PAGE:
Neuromag May 2017 - Page 29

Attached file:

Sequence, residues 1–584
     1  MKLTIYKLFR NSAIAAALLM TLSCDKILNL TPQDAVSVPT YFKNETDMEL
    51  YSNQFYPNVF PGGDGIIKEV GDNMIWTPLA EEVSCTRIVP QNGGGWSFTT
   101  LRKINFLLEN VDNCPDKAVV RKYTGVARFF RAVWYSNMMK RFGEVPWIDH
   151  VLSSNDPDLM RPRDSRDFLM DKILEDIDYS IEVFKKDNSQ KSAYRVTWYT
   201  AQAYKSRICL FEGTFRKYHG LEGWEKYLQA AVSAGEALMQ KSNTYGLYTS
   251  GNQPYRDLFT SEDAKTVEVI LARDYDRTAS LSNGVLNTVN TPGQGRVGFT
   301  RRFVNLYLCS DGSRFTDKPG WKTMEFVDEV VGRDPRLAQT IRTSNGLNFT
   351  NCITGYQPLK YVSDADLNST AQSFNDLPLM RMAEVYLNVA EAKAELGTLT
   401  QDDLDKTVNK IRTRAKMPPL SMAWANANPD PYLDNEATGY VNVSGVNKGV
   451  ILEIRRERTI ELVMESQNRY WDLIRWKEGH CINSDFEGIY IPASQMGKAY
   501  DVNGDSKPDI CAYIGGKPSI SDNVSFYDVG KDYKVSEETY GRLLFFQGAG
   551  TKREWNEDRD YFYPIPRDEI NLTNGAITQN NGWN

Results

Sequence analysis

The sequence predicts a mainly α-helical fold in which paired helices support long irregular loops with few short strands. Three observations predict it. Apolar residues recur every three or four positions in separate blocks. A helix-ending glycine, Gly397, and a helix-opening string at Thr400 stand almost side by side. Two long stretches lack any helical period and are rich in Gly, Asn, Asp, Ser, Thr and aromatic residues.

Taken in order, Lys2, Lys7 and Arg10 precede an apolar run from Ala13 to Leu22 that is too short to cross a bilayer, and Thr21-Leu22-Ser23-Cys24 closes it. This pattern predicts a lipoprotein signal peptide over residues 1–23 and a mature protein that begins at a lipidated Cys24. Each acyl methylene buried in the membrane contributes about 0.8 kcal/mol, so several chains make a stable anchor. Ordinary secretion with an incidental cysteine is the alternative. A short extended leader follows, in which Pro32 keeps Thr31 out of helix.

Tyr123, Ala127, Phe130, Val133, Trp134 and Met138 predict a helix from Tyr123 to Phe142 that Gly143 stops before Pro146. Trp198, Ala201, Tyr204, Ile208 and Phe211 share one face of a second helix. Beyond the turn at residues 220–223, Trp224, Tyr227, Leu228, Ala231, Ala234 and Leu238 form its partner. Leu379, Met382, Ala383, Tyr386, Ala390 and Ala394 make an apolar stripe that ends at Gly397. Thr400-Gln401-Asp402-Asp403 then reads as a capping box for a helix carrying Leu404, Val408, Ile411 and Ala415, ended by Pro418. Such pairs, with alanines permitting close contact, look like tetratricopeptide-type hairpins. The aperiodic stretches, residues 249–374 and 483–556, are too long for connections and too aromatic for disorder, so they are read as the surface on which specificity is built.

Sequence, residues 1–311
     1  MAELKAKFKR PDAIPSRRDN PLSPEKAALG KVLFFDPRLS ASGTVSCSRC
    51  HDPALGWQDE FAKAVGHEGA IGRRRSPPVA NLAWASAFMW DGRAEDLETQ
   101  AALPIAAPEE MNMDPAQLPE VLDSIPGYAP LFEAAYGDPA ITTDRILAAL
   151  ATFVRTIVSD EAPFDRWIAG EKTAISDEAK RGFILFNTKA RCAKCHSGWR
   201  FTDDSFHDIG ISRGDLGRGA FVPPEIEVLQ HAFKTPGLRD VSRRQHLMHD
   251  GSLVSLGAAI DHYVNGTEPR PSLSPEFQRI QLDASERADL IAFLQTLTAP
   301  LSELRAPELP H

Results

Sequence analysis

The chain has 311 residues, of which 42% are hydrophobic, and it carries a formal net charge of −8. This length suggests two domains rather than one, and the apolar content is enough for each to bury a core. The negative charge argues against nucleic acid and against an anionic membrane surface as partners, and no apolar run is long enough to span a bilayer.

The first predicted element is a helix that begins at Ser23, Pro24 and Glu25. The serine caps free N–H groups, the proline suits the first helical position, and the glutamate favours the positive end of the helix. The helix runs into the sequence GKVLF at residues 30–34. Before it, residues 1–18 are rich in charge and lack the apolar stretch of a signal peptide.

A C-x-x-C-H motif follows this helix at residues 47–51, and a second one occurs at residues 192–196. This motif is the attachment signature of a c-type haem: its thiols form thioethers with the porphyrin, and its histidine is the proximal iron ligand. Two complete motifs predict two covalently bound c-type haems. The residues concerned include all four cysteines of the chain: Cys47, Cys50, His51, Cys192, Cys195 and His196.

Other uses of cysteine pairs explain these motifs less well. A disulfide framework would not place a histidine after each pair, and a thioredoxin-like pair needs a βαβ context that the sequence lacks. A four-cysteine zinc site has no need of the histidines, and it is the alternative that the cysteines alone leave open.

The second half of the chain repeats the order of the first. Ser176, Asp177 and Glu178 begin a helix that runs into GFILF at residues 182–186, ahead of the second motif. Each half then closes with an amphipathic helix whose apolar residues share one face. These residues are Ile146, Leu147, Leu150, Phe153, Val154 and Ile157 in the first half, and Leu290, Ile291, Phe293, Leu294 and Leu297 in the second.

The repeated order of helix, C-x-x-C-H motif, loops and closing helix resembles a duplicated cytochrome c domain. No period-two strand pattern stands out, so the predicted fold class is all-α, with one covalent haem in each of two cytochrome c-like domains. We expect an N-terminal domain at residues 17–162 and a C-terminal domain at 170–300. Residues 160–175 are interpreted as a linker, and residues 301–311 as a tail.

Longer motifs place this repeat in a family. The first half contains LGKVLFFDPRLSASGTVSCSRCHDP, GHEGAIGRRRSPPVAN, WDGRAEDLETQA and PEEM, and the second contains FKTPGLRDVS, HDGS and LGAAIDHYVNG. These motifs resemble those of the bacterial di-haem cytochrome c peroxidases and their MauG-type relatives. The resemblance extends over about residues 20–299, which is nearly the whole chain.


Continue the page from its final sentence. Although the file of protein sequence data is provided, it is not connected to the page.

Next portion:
modern cell biologist or neurogeneti- cist, like transfection or the polymer- ase chain reaction. TReND also foot a large sum of the bill themselves to make the classes as inclusive as pos- sible. Classes aren’t just for students either with TReND offering training for graduates and teaching staff so that they may pass on what they’ve learnt and so improve the qu ality of higher education in Africa, as a step toward helping African universities catch up to the European standard. Because right now Africa lacks self-sufficiency, and the development that paves the way to self-sufficiency is expensive. As a result vital infrastructure gets supplied by foreign investment often in exchange for natural resources or labour. Meaning, somebody builds a network of roads, or housing, or in- vests in a university, but the complica- tion remains that there are few native African engineers to build the road themselves and the cost of equipping a neuroscience lab, at least to Euro- pean standards, basically slams the door on many African hopefuls. This is why the continent of Africa has only 620 accredited universities, while wid- er Europe alone has 4000 universities. Europe is tiny compared to Africa, and so this creates an environment where those that can afford education or have been educated to a level where they can make a difference are drawn to higher education or industry in the West. To end this cycle of the brightest Af- rican students choosing more estab- lished European universities TReND aims to encourage elite universities in Africa. Technology itself can be the solution to the prohibitive price of modern science and so TReNDs founder, Tom Baden, proposes that advances in 3D printing technologies can be used to print lab equipment on location, wherever it may be. This is a fairly novel idea, given the complex- ity and sophistication of even low end lab equipment, especially when you consider that even these advanced machines are calibrated against higher standards, how could you validate the precision of a 3D printed pipette, when it’s the only pipette you have? Fortu- nately we can be fairly sure that this is only a short term problem as a huge number of ready to be printed 3D soft- ware models from Frisbees to phone cases are available for free online, for anyone with a 3D printer to download and get printing. This is the open- hardware movement, a named coined from the open-source movement that drives innovation in software design, and what it means is that anyone can download, tinker with and upload a design to fix and develop it. Think of it like crowd innovation where users are directly invested in the final prod- uct. This has massive advantages for TReND because in the future it would circumvent the need for shipping lab equipment and obliterate the previous costs. And, by providing 3D printers and classes in coding and computer science, allow students to print what they need for themselves, without re- lying on pre-fabricated models. This approach worked well during the rise of some of the most widely used software in the world –FireFox and Linux and Android, to name a few—as software developers were the first to harness the potential of open-source. Their idea was to spread understand- ing of coding, with the added ben- efit of users being able to customise a product exactly to their needs. Why not apply this to science as well? With the lowering cost of 3D printers and the incredible convenience of the sys- tem, some people suspect we may be entering a new industrial era, it is just waiting for more precise 3D printers and printable materials beyond the standard plastics. If this is achieved it could bypass the lack of industry in Africa by enabling them to print-man- ufacture for themselves. Open-source lab equipment is already here, and Tom Baden among others is work- ing towards a 3D printed laboratory toolkit that so far includes a pipette accurate to 1ml and a fluorescent microscope capable of supporting si- multaneous optogenetic stimulation, that was made for less than $100. For some perspective a new upright light microscope with no extras from Zeiss will set you back the princely sum of €17,177.65, which means you could lose of break your printable micro- scope one hundred and seventy times, and by its 170th iteration, who knows what else it could do? The open-hardware initiative there- fore offers an opportunity to address problems with science in both Africa and in Europe, by opening science to the public and giving people a better understanding of the groundworks of the scientific process as well as a deeper familiarity with the equipment that makes it happen. While TReNDs goal of empowering aspiring and ex- isting scientists to innovate for them- selves could act as a starting point for a profound shift in the distribution of scientific activity. Even those who could not code for themselves could attain multiples fluorescent micro- scopes for the classroom, and finally do away with the far-to-literal field trips we’ve all be subjected to. What’s more coding languages are now be- ing taught in many primary schools as well, so hopefully the next generation of scientists will thank us for giving open-hardware a fair shot. Joe Sheppard graduated from the Cellular and Molecular Neu- roscience master's program in 2016. Baden, T. et al.. (2015). Open labware: 3-D printing your own lab equipment. PLoS Bi- ology, 13(3), 1–12 May 2017 | NEUROMAG | 29